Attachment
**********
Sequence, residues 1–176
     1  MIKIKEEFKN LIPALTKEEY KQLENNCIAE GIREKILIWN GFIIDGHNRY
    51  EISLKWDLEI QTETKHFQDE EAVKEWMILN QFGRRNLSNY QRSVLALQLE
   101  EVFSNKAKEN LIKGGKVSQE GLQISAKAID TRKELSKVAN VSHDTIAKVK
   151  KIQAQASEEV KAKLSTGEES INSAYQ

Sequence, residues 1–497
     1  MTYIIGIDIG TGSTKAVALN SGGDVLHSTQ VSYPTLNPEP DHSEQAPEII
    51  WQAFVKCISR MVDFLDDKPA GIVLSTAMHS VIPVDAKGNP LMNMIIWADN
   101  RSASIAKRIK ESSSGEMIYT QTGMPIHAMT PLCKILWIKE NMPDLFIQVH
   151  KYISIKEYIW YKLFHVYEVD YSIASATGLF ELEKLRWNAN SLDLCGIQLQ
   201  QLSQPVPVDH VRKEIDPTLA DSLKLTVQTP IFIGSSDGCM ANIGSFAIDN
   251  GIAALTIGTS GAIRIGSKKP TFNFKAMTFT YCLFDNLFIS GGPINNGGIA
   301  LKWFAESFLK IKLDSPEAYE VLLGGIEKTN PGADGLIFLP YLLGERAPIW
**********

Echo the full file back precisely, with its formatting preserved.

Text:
Sequence, residues 1–176
     1  MIKIKEEFKN LIPALTKEEY KQLENNCIAE GIREKILIWN GFIIDGHNRY
    51  EISLKWDLEI QTETKHFQDE EAVKEWMILN QFGRRNLSNY QRSVLALQLE
   101  EVFSNKAKEN LIKGGKVSQE GLQISAKAID TRKELSKVAN VSHDTIAKVK
   151  KIQAQASEEV KAKLSTGEES INSAYQ

Sequence, residues 1–497
     1  MTYIIGIDIG TGSTKAVALN SGGDVLHSTQ VSYPTLNPEP DHSEQAPEII
    51  WQAFVKCISR MVDFLDDKPA GIVLSTAMHS VIPVDAKGNP LMNMIIWADN
   101  RSASIAKRIK ESSSGEMIYT QTGMPIHAMT PLCKILWIKE NMPDLFIQVH
   151  KYISIKEYIW YKLFHVYEVD YSIASATGLF ELEKLRWNAN SLDLCGIQLQ
   201  QLSQPVPVDH VRKEIDPTLA DSLKLTVQTP IFIGSSDGCM ANIGSFAIDN
   251  GIAALTIGTS GAIRIGSKKP TFNFKAMTFT YCLFDNLFIS GGPINNGGIA
   301  LKWFAESFLK IKLDSPEAYE VLLGGIEKTN PGADGLIFLP YLLGERAPIW